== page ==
America

Obama Team's Car-Dealer Closings Cost Jobs: Watchdog

Closed Dodge dealer

Marks left by the removal of a "Dodge" sign are shown on the building of a closed Dodge car and truck dealer, Friday, May 29, 2009, in Burien, Wash. Ted S. Warren/AP hide caption

itoggle caption Ted S. Warren/AP

Critics of Big Government interference in the workings of the free market have some extra ammo Monday, courtesy of a report by the Treasury Department's inspector general.

Neil Barofsky, the Treasury IG, said the department arguably contributed, ifonly unintentionally, to higher overall unemployment by ordering auto makers to close car dealerships much more quickly than the manufacturers had planned.

For years, auto industry experts had criticized Detroit's Big 3 for keeping bloated dealership networks which reduced profits for the companies.

The Obama Administration's position was that to keep the automakers from wasting taxpayer-bailout money, the domestic auto makers had to significantly pare back their number of dealerships.

But Barofsky said the Obama Administration may have moved too hastily, causing the loss of numerous jobs in the larger economy.

This audit concludes that before the Auto Team rejected GM's original, more gradual termination plan as an obstacle to its continued viability and then encouraged the companies to accelerate their planned dealership closures in order to take advantage of bankruptcy proceedings, Treasure (a) should have taken every reasonable step to ensure that accelerating the dealership terminations was truly necessary for the long-term viability of the companies and (b) should have ar least considered whether the benefits to the companies from the accelerated terminations outweighed the costs to the economy that would result from potentially tens of thousands of accelerated job losses.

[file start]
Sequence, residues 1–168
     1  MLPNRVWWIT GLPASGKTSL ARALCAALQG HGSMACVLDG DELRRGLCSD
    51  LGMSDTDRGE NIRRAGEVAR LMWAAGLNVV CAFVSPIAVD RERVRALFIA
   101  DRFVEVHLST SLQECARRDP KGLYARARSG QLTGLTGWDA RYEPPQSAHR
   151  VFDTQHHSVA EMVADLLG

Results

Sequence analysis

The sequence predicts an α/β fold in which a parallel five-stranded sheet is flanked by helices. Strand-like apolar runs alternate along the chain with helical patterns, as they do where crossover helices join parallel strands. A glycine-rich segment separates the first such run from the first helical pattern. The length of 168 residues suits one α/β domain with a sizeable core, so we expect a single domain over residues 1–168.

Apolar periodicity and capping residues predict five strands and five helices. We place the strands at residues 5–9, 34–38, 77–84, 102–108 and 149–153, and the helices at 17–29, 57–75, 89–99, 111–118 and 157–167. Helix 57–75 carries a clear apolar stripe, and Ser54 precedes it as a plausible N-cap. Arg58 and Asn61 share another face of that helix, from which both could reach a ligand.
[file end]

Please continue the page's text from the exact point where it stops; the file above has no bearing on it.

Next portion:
NPR's All Things Considered reports that a jobless man at the White House Monday to be in a photo op with President Barack Obama who bashed Republicans for thwarting new jobless benefits, was himself a car dealership worker until last year.

And in a report, NPR's Scott Horsley quotes a Russell Whatley, a third-generation Chrysler dealer in Mineral Wells, Texas who says:

"We were given three weeks to shut down operations. And it pretty much threw everybody for a loop."

White House press secretary Robert Gibbs defended the decision, saying that the decision to close auto dealerships helped keep the wider car industry afloat, saving even more jobs.

I will point out that since 2007 — since mid-2007, the decline in auto dealership employment is about half the decline in auto manufacturing employment.

So what has taken a greater hit in that supply structure are the manufacturers and the parts suppliers.

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